Peel castle was built sometime during the 11th century by a Viking king named Magnus Barefoot. It is the oldest, still standing castle on the isle of Man and one of the finest examples of Viking fortifications anywhere in the UK.
The island did have Celtic forts on it at the time the Vikings arrived, but these were often made of earth and timber, but one exception was the Celtic monastery which stood on St Patricks Isle, which is the small island now completely covered by the castle.
The monastery became integrated in the castles design and now the round tower which can be seen inside the walls was originally part of the monastery, though some alterations have taken place, such as the addition of battlements.
The main surrounding walls and towers were added during the 14th century from local red sandstone. After this date the castle had a relatively boring life as it never really saw any combat. After the Vikings left it was used by the church since it had a reasonably large cathedral within the walls, and construction and maintenance continued as late as 1860.
The reason for the poor state of the interior buildings and towers is from when the Vikings left and the church was in possession. Since it was only used as a holy site and these were probably the safest place to be during medieval times, keeping up maintenance on the defences seems the lowest priority and some of the structures began to crumble. The church only used the site up until the early 1700's when it was totally abandoned..
Today Peel castle is a popular tourist attraction open all year round and even has its image printed on the rear side of an Isle of Man £10 note.
Peel Castle has always been closely associated with the tale of King Arthur. In the many texts that refer to him there is an island which comes up again and again called Avalon. This is described as a small fortified island where the famous sword known as Excaliber was forged, it is also the place where Arthur was taken to heal from his wounds after the battle of Camlann.
Of course it can never be proved exactly who Arthur was and when or if he existed, but that hasn't stopped the island becoming well known for mysterious goings on.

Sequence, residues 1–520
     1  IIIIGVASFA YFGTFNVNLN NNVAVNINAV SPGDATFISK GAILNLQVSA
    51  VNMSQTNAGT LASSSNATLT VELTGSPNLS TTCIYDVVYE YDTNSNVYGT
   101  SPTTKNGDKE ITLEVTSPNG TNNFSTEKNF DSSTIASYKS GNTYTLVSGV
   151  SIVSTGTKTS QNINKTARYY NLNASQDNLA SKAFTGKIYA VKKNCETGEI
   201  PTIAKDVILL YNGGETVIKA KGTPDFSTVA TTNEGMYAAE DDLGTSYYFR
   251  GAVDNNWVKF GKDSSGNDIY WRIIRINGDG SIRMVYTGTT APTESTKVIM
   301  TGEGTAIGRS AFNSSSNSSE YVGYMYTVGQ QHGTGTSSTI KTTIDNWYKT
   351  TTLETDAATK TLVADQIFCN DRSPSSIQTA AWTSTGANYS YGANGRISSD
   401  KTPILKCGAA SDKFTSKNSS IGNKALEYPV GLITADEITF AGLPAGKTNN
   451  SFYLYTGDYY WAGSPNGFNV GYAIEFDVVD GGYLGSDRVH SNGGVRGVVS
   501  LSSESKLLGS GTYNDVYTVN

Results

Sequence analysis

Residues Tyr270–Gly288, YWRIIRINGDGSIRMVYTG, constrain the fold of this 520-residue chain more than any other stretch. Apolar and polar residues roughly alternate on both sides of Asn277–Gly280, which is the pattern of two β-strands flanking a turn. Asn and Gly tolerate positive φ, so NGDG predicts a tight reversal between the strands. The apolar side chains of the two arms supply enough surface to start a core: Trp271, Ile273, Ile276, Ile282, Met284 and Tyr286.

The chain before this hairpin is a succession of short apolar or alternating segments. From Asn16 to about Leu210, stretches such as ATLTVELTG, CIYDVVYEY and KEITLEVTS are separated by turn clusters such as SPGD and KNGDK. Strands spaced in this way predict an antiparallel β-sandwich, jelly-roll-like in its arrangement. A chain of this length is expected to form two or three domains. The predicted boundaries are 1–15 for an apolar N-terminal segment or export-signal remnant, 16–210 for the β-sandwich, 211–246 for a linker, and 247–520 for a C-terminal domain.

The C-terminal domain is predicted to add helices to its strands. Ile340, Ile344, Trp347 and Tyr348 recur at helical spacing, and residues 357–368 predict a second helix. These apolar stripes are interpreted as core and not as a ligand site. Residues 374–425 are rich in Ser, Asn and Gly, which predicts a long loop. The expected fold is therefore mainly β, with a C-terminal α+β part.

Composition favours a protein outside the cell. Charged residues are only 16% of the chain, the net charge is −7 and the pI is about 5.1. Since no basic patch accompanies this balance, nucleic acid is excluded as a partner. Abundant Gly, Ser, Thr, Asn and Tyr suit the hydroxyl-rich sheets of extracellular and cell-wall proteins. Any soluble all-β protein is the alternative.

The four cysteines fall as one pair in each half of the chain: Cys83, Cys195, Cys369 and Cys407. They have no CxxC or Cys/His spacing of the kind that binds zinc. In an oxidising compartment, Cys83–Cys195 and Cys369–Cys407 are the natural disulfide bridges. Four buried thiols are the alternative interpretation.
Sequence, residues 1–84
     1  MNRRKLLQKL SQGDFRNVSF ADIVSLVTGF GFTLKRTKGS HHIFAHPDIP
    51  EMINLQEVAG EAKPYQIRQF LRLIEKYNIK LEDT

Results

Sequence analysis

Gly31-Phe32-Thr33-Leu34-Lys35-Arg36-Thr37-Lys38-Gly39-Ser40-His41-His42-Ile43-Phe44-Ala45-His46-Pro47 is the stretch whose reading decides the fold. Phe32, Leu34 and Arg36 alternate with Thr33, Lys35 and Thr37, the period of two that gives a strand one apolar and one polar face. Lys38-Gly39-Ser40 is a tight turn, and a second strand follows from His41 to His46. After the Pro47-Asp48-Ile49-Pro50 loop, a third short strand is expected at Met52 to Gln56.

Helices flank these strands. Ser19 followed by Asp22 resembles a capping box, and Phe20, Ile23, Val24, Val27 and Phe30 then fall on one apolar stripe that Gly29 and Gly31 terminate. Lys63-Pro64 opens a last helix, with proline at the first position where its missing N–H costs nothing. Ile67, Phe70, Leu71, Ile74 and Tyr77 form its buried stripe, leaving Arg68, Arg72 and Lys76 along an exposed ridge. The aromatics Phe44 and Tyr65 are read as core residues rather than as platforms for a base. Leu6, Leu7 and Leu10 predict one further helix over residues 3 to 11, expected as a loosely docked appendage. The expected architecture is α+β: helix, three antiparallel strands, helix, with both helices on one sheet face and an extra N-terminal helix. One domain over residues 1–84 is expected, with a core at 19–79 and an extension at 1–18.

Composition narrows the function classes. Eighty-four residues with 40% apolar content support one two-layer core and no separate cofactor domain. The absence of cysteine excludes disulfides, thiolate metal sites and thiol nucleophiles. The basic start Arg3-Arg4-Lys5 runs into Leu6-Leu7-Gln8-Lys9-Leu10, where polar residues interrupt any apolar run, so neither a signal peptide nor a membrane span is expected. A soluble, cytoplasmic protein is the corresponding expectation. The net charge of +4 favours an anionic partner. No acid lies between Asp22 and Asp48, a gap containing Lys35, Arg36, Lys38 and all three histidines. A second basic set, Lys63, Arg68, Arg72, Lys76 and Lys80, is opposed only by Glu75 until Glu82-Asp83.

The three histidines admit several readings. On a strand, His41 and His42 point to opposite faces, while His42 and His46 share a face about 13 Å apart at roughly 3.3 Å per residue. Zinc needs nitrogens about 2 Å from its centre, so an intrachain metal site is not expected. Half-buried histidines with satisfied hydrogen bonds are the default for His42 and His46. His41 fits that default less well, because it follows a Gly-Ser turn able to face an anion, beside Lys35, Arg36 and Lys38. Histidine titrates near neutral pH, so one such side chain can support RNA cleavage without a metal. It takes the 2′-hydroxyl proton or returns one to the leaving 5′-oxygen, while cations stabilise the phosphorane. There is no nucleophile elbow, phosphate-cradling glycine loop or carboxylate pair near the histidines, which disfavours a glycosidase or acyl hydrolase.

There are all the usual tales you may expect from a place like this, such as seeing apparitions of past residents and strange sounds, but the most well known and seemingly the most active spirit here is known as the Moddey Dhoo.
This legend goes back hundreds of years and the origin of which seems untraceable, as does the reason it is here. The Moddey Dhoo is a large black dog like creature, with huge shining eyes. It has been seen relatively frequently over the centuries and there are official records mentioning it. One such account comes from a historian in 1731 and goes as follows:
They say, that an apparition called, in their language, the Mauthe Doog, in the shape of a large black spaniel with curled shaggy hair, was used to haunt Peel Castle; and has been frequently seen in every room, but particularly in the guard-chamber, where, as soon as candles were lighted, it came and lay down before the fire in presence of all the soldiers, who at length, by being so much accustomed to the sight of it, lost great part of the terror they were seized with at its first appearance.
George Waldron, History and Description of the Isle of Man (1st ed. 1731) 1744 edition, p.23
There used to be an underground passage that connected the castle to the apartment of the Captain of the guard, which ran under the church buildings. The Moddey Dhoo was often seen coming out this passage at dusk and returning at dawn, on what has described as a regular basis. There is a tale of one guard who was tasked with locking up the gate to this tunnel at the end of the day and against protocol he went to lock it up alone, wanting to get the day over as soon as possible. But upon reaching the grate covering the tunnel he saw the Moddey Dhoo and collapsed on the spot, he was taken to a room to recover but died 3 days later, without being able to speak a single word about what happened. This is supposedly the incident which caused an order to be made to seal the tunnel and a new one built.